Lecture 8: Retrieving non-text
Invisible web (conclusion)
Grey line between invisible web and surface web.
If user makes a query to search engine, and then saves a link to the URL
of the result in a surface web page, then a crawler can follow that
link, even if the page is dynamically generated.
Pages that are too deep in site may not be indexed, even if they are
high-quality, static pages reachable through standard hlinks. E.g.
Of 248,706 pages of "Open
Directory", AltaVista indexed only 17,833 = 7.2%; Fast and Northen Light
had substantially fewer.
Method 1: Keyword search. Most standard search engines.
Captions, URL's, anchors.
Content-based image retrieval
Spiders crawling for images
Analysis in terms of image features
Analysis carried out for six subimages: whole, center, 4 quadrants
Color and Texture analysis
Image mapped to 3-D color space with psychological support.
Each dimension divided into 4, so 64 (=4x4x4) bins.
Texture characterized in terms of 16 paramters, each divided
into 4 bins.
Tamura's (1978) visual texture properties (not used in ImageRover, so far as I
Each image is point in 768 dimensional space. (= 6 * (64+64))
Data structure: approximate k-d tree,
Given distance D, can retrieve all instances closer than D and exclude
all instances further than D(1+e) in poly-log time.
Relevance feedback. User shown random images, asked for most similar.
Shown similar images, feedback on most relevant, etc.
Indexes by: keyword, BW/color, image dimension, number of faces,
size of largest face.
Extremely unsystematic. Sporadic surprisingly strong results.
Unlike words, there are no easily computed features of an image
that approximate semantic content.
Characterize Web services for purpose of
No attempt to do this automatically; extensive, manually written
descriptions. (Presumably, business web service providers have both
the incentive and the manpower to do this.)
- execution monitoring
All XML based
Two major directions of research.
Both characterized by immensely detailed and rather abstract standards
and remarkably verbose languages.
Web Services Languages
Various consortia of companies; primarily IBM and Microsoft.
Progressively more abstract descriptions.
Advantage: Working implementations
Disadvantage: Far from semantic content.
- Semantic Web
Begin with problem of semantics.
Advantage: Serious consideration of semantics
Disadvantage: Limited implementation
Web Services Languages
- SOAP (Simple Object Access Protocol).
XML-based protocol for remote procedure call.
WSDL (Web Service Description Language)
Web Services Essentials Chapter 6: WSDL Essentials
by Ethan Cerami).
Characterizes one functionality of a Web service. Layered on SOAP.
- UDDI (Universal Description, Discovery, and Integration Service)
Registry (Yellow pages) for web services. Layered on SOAP
Generally considered a failure (so far)
- Survey found 2/3 of UDDI entries unusable. (Invalid SOAP, non-existent
- Too elaborate.
- WSIL -- Web Services Inspection Language
Each company posts its own self-description at "inspection.wsil" on
Web site. Collected by standard search engines. "Lightweight" and extensible.
- Types -- container for data type definitions
- Message -- abstract, typed definition of data being communicated.
- Operation -- abstract description of action supported by service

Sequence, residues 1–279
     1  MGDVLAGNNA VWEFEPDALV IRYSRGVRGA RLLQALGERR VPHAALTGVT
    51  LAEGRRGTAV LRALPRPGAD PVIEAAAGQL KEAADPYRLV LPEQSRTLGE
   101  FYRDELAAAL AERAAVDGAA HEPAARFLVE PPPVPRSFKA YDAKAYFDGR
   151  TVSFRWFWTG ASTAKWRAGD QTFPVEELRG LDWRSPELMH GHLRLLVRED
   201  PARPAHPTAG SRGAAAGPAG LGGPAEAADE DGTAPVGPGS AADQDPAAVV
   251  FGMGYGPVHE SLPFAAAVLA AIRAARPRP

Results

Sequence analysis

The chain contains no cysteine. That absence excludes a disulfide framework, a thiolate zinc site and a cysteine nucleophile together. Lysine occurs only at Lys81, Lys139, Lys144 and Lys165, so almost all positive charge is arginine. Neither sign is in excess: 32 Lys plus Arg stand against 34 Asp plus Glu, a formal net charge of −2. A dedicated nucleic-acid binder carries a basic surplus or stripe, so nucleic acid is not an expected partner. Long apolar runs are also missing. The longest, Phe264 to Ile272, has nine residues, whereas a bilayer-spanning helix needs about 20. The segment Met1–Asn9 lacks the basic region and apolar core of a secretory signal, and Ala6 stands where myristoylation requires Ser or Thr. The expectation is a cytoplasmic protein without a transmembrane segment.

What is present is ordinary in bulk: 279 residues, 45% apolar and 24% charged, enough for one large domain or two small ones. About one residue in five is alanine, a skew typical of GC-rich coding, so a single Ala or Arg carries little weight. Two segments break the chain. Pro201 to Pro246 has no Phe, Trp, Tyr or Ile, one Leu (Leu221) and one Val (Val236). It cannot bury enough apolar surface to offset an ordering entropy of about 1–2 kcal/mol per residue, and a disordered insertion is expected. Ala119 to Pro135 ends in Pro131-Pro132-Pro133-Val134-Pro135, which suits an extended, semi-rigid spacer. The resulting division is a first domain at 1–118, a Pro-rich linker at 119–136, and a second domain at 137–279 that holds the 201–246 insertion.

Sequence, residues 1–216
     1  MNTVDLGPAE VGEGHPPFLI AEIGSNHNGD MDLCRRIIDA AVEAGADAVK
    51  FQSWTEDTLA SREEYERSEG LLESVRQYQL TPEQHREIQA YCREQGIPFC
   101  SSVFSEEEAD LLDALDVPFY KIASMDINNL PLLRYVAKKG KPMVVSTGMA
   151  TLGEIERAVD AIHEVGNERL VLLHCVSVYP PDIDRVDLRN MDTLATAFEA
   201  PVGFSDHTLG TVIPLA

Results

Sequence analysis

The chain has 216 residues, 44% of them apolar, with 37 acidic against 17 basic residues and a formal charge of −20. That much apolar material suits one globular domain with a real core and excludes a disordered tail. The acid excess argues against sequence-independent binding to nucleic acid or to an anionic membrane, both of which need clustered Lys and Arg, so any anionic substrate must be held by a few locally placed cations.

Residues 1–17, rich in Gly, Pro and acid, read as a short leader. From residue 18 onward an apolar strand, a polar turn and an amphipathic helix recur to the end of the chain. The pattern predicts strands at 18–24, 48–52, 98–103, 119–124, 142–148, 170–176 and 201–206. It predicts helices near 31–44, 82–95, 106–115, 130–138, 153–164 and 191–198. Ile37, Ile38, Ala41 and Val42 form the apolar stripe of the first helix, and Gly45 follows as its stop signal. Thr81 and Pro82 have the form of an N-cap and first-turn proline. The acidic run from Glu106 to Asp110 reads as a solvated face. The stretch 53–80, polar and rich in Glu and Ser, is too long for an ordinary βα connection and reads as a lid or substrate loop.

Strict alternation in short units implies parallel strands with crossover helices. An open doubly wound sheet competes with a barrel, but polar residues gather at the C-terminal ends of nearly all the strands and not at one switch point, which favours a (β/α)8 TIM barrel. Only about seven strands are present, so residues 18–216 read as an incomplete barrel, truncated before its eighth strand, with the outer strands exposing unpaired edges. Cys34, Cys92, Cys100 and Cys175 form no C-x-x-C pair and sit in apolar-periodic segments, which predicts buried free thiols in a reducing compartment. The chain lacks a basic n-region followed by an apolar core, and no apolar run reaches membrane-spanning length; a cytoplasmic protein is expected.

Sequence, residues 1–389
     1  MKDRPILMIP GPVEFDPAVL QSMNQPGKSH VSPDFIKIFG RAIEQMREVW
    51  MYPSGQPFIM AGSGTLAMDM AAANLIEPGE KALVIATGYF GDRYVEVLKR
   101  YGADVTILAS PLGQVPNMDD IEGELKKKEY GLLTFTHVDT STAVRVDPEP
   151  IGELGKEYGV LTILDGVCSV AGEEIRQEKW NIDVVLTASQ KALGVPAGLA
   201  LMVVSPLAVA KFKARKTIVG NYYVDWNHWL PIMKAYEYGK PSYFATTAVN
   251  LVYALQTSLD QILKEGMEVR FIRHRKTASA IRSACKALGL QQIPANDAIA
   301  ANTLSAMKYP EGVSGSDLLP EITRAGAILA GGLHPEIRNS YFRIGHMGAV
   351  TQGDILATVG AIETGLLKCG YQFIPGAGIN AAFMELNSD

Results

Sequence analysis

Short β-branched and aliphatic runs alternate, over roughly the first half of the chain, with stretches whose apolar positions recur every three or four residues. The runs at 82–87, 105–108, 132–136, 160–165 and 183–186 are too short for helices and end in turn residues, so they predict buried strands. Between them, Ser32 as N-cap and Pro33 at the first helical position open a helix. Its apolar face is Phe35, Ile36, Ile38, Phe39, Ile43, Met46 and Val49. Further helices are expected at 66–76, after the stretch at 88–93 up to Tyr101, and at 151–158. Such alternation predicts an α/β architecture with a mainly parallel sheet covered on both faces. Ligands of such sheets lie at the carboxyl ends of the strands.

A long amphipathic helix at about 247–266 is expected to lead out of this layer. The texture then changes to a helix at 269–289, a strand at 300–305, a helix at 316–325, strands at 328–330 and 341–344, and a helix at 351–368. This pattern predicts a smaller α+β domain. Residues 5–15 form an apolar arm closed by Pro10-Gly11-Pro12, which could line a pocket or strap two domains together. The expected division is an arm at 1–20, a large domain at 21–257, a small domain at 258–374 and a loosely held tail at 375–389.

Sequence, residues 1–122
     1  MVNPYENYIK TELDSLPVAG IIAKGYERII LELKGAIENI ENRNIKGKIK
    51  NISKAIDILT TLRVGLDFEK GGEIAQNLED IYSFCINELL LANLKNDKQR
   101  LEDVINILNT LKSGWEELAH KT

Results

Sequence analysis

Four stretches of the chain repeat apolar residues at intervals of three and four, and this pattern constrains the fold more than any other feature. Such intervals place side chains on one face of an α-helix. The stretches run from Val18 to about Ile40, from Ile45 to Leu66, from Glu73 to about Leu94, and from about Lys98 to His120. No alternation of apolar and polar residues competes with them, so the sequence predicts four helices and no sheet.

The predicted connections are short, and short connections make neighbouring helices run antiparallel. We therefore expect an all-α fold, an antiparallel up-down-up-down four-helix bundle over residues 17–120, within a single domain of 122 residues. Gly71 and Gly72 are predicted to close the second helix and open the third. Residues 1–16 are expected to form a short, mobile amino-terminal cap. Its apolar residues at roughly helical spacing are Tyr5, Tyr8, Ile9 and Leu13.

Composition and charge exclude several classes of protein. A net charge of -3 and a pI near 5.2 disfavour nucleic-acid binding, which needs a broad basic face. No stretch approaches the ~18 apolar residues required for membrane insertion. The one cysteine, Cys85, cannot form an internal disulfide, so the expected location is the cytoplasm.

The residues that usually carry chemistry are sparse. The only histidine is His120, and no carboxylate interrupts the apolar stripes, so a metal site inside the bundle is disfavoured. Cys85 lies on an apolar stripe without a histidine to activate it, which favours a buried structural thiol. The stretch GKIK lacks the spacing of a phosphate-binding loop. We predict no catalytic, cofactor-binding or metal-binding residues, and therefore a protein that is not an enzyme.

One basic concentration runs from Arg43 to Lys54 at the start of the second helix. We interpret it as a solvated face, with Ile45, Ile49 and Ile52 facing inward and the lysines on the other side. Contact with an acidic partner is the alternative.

- Port Type -- abstract set of operations supported by one or more
- Binding -- concrete protocol and data format specification for
- Port -- single endpoint = binding + network address.
- Service -- collection of related endpoints.
WSIL -- Web Services Inspection Language
Introduction to WSIL
WSIL: Do we need another Web Services Specification? Tarak Modi
DAML -- DARPA Agent Markup Language
OIL --- Ontology Interchange Language
Built on DAML+OIL.
DAML-S: Web Service Description for the Semantic Web
Language for Semantic Web Services: DAML-S
- Service Profile: What does the service require of agents and provide
- Service Model: How does it work?
- Service Grounding: Connection to WSDL representation.
- Description of service (for indexing and retrieval)
- intendedPurpose "high-level description of what constitutes successful
- requestedBy -- Actor
- providedBy -- Actor: physicalAddress, WebURL, name, phone, email, and fax.
- functional behavior -- rather important, but no information.
- functional attributes
- serviceParameter (e.g. averageResponseTime)
- communicationThru (e.g. SOAP)
- serviceCategory (e.g. Products, Information Services)
- qualityGuarantees (e.g. "response within 3 minutes")
- qualityRating (e.g. "Dun and Brandstreet Rating")
Service Model -- Process
Process operators: Sequence, concurrent, Split, Spilt+Join, Unordered,
Choice, If-Then-Else, Repeat-Until, Repeat-While.
Abstraction operators: Collapse (compound process -> blackbox atomic
process); Expand (the inverse).
by Paolucci et al.
Characterize service advertisement by types of input demanded, type
of output provided.
Characterize request by types of input supplied, type of output needed.
- Every input demanded by advertisement must match input supplied by
- Every output needed by request must be provided by advertisement.
- Match can be exact, or approximate (superset or subset).
- Matching advertisements listed in decreasing order of quality of
match. Match score on outputs more important than match score on inputs.
Major Problem: Only classes, no relations.
E.g. "car" matches "station wagon" OK.
But no way to distinguish a request for "Mother's maiden name" from
"My last name".
No representation of relation between input and output.
E.g. if input is "car" and output is "money", representation does not
distinguish between price, rental price, lease price, average cost
of maintenance per year, average cost of gas per mile ...
Minor problem: requestor required to predict every damn fool piece of
information that a service might ask for.